# Dynamics Forces Motion Characteristics of Force A force

- Slides: 14

Dynamics Forces & Motion

Characteristics of Force A force acting on an object will either: a. change the object’s motion b. cause a deformation in the object. Force is measured in newtons , N: 1 N = (1 kg x 1 m ) / 1 s 2

Types of Forces 1. Gravitational Force is the attraction between two bodies (objects) due to their mass. Law of Universal Attraction: F g = (G m 1 m 2) / r 2 Where G is the gravitational constant , 6. 67 x 10 -11 Nm 2/kg 2 m 1 is the mass of the first object in kg m 2 is the mass of the second object in kg r is the distance between the two objects in m

Gravitational acceleration is the constant pull (acceleration) felt by a body as it falls towards the surface of the Earth (or another celestial body). On Earth, the value for the gravitational acceleration is g = 9. 8 m/s 2. The gravitational force exerted by the Earth on an object can be found using F = mg. We can also use this formula to calculate the weight of an object.

The Normal normal force is the force of resistance by an 2. Force object’s surface during contact with another body. The normal force is perpendicular to the contact surface.

• In order to find a plane that is perpendicular to a spherical surface, we must use the line that passes through the center of the sphere (diameter) as a reference point. • The perpendicular plane is therefore perpendicular to this line.

The normal force is of the same magnitude as a body’s weight, but in the opposite direction. FN FN = - F g Fg

3. Force of Friction The force of friction is a force that opposes motion. Two types of friction: a. Static friction occurs when two objects touch one another, but neither moves. b. Kinetic friction occurs when two objects touch, and one slides along the other.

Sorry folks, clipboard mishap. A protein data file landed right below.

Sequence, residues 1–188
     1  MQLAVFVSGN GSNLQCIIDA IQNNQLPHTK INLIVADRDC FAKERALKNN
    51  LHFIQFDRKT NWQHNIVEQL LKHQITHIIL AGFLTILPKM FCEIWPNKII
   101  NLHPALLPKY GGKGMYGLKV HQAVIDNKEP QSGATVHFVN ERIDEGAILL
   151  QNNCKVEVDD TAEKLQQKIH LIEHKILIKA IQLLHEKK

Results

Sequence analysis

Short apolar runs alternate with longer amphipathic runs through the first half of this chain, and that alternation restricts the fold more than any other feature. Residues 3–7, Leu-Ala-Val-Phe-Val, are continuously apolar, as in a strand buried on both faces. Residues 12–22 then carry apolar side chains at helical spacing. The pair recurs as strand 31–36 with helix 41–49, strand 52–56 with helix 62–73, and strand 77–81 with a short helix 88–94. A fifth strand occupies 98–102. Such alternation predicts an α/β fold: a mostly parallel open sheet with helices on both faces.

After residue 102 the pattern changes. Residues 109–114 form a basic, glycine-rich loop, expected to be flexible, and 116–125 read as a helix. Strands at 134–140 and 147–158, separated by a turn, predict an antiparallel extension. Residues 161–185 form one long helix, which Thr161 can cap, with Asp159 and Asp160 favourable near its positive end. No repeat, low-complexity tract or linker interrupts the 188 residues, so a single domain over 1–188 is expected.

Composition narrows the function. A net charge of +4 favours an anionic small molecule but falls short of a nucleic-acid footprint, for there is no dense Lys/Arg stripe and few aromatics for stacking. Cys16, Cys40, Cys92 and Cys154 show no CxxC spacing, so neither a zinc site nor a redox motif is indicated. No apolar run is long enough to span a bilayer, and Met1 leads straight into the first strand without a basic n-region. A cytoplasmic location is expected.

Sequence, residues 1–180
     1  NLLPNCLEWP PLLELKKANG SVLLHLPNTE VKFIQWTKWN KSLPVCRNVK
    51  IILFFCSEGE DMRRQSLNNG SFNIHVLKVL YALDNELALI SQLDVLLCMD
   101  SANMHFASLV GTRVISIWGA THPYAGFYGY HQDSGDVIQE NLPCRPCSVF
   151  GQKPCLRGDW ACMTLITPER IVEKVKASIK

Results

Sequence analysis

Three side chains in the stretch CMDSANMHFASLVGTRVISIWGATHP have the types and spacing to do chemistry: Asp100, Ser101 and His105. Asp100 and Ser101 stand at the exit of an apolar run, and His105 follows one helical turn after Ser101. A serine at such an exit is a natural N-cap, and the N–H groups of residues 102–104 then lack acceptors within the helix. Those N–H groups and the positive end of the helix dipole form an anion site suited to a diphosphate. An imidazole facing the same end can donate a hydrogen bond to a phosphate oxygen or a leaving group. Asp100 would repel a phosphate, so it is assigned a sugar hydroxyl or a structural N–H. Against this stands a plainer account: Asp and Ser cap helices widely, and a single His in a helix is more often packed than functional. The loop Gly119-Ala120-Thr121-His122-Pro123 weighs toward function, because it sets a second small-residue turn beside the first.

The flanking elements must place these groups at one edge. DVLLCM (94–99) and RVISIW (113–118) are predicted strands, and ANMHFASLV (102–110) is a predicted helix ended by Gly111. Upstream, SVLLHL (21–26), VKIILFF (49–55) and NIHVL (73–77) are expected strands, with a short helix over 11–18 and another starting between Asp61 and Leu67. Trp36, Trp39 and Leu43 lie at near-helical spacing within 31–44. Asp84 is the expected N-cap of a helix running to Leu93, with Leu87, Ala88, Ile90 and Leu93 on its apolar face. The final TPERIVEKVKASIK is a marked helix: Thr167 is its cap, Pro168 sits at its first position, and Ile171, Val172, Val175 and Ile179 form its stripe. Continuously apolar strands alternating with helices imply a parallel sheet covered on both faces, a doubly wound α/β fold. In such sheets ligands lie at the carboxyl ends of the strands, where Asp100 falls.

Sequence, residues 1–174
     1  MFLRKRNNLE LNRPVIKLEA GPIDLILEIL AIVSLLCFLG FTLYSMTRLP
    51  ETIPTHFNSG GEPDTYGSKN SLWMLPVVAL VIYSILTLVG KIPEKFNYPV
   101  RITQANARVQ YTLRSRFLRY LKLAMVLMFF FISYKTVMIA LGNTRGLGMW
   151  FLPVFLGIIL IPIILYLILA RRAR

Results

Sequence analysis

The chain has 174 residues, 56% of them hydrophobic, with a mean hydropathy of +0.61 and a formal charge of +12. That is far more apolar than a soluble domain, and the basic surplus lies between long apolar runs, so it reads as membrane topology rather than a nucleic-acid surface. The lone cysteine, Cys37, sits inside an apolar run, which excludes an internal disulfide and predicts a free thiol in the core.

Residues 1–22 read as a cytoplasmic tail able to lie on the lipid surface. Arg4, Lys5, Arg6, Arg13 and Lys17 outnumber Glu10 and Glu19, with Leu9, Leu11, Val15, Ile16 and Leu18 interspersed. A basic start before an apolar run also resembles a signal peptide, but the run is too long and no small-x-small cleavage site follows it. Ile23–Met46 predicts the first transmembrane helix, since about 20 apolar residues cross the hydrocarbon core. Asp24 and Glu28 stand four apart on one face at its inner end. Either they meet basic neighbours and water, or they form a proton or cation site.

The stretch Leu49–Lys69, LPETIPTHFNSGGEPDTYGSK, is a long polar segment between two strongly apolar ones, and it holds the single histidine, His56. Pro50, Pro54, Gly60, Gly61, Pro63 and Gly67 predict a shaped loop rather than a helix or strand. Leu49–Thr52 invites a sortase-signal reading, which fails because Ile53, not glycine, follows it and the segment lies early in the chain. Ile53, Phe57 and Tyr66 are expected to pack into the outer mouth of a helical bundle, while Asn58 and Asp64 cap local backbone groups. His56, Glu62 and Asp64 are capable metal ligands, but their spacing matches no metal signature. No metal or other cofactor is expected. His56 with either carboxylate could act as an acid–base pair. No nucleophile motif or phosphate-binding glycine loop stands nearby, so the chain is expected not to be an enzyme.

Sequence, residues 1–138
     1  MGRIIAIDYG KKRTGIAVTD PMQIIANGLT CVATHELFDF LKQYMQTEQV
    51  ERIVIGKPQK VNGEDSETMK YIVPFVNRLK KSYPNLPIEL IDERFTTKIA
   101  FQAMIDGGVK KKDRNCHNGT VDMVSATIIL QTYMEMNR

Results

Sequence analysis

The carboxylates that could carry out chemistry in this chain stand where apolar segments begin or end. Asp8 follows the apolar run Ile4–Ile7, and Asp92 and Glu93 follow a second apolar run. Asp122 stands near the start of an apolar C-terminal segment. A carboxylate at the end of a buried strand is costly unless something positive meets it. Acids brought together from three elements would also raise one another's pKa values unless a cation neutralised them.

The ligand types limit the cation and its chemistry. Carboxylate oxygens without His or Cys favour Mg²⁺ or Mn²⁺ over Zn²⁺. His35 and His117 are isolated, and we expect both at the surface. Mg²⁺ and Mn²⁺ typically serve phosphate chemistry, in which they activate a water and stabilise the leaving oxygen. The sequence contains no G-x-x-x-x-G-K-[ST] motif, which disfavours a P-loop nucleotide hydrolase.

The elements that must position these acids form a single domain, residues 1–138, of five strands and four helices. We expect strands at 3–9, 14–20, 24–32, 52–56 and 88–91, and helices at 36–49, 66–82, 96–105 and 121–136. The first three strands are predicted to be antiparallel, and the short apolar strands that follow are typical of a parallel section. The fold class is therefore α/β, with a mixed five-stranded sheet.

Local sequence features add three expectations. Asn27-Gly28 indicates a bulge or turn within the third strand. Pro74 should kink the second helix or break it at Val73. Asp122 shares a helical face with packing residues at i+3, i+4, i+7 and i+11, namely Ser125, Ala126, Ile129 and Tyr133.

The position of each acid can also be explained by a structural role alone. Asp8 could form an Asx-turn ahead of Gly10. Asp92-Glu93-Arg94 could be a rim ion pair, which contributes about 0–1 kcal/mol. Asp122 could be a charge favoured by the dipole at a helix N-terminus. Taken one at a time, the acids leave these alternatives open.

Friction depends on two factors: i. The greater the normal force, the greater the friction. ii. The type of substances in contact. Each substance has its own coefficient of friction (μ). Both static and kinetic friction have their own coefficients of friction (μS and μK). The μS is always greater than μK.

To calculate the forces of friction: F f(static) ≤ μS FN F f(kinetic) = μK FN Coefficient of friction for different substances: Substance in contact μS μK Rubber on wet asphalt 0. 6 0. 5 Rubber on dry asphalt 1. 2 0. 8 Rubber on ice 0. 006 0. 005

4. Tension is a force exerted by a cable on an object. For calculations involving tension we assume: i. The cable has a negligible mass. ii. The cable is of negligible width. iii. The cable does not stretch. To calculate tension, the opposing force must be known.

5. Centripetal Force The centripetal force allows an object to follow a curved path. FC = mv 2/r The value of Fc is affected by the mass and velocity of the object, as well as the radius of its path.

The velocity vector at any point on the circular path is always tangent to the circular path and perpendicular to the radius of curvature. The centripetal force may take on a different form depending on the circumstances. In the example above, the tension in the string is equivalent to the centripetal force.

HOMEWORK: Textbook p. 274: # 1 (a, b), 2 p. 277: # 1, 2 p. 278: # 1, 2 p. 281: #1 -3

- What is community dynamics
- Unlike parallel force example
- The forces shown above are pushing/pulling forces
- Intermolecular and intramolecular forces
- Intermolecular and intramolecular forces
- Intermolecular force of attraction
- Contact vs noncontact forces
- Net force
- Constructive forces and destructive forces
- Rectilinear kinematics: continuous motion
- Rectilinear kinematics continuous motion
- Dynamics of uniform circular motion
- Formula for centripetal acceleration in circular motion
- A girl pushing a cart balanced or unbalanced
- 10 year old sarah stands on a skateboard